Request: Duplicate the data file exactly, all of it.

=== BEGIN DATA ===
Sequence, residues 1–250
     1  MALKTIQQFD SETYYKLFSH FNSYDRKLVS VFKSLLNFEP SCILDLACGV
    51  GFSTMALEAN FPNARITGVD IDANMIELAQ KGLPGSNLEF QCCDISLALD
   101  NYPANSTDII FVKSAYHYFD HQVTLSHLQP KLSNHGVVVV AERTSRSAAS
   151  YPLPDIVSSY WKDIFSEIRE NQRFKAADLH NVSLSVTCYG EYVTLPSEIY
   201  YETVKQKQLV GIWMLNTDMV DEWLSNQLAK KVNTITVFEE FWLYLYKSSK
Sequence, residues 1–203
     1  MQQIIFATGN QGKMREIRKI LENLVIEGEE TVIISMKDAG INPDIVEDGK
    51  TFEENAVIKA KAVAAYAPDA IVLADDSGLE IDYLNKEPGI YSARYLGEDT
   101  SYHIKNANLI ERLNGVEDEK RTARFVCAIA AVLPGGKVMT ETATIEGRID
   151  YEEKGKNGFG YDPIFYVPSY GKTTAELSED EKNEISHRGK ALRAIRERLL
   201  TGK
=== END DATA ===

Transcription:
Sequence, residues 1–250
     1  MALKTIQQFD SETYYKLFSH FNSYDRKLVS VFKSLLNFEP SCILDLACGV
    51  GFSTMALEAN FPNARITGVD IDANMIELAQ KGLPGSNLEF QCCDISLALD
   101  NYPANSTDII FVKSAYHYFD HQVTLSHLQP KLSNHGVVVV AERTSRSAAS
   151  YPLPDIVSSY WKDIFSEIRE NQRFKAADLH NVSLSVTCYG EYVTLPSEIY
   201  YETVKQKQLV GIWMLNTDMV DEWLSNQLAK KVNTITVFEE FWLYLYKSSK
Sequence, residues 1–203
     1  MQQIIFATGN QGKMREIRKI LENLVIEGEE TVIISMKDAG INPDIVEDGK
    51  TFEENAVIKA KAVAAYAPDA IVLADDSGLE IDYLNKEPGI YSARYLGEDT
   101  SYHIKNANLI ERLNGVEDEK RTARFVCAIA AVLPGGKVMT ETATIEGRID
   151  YEEKGKNGFG YDPIFYVPSY GKTTAELSED EKNEISHRGK ALRAIRERLL
   201  TGK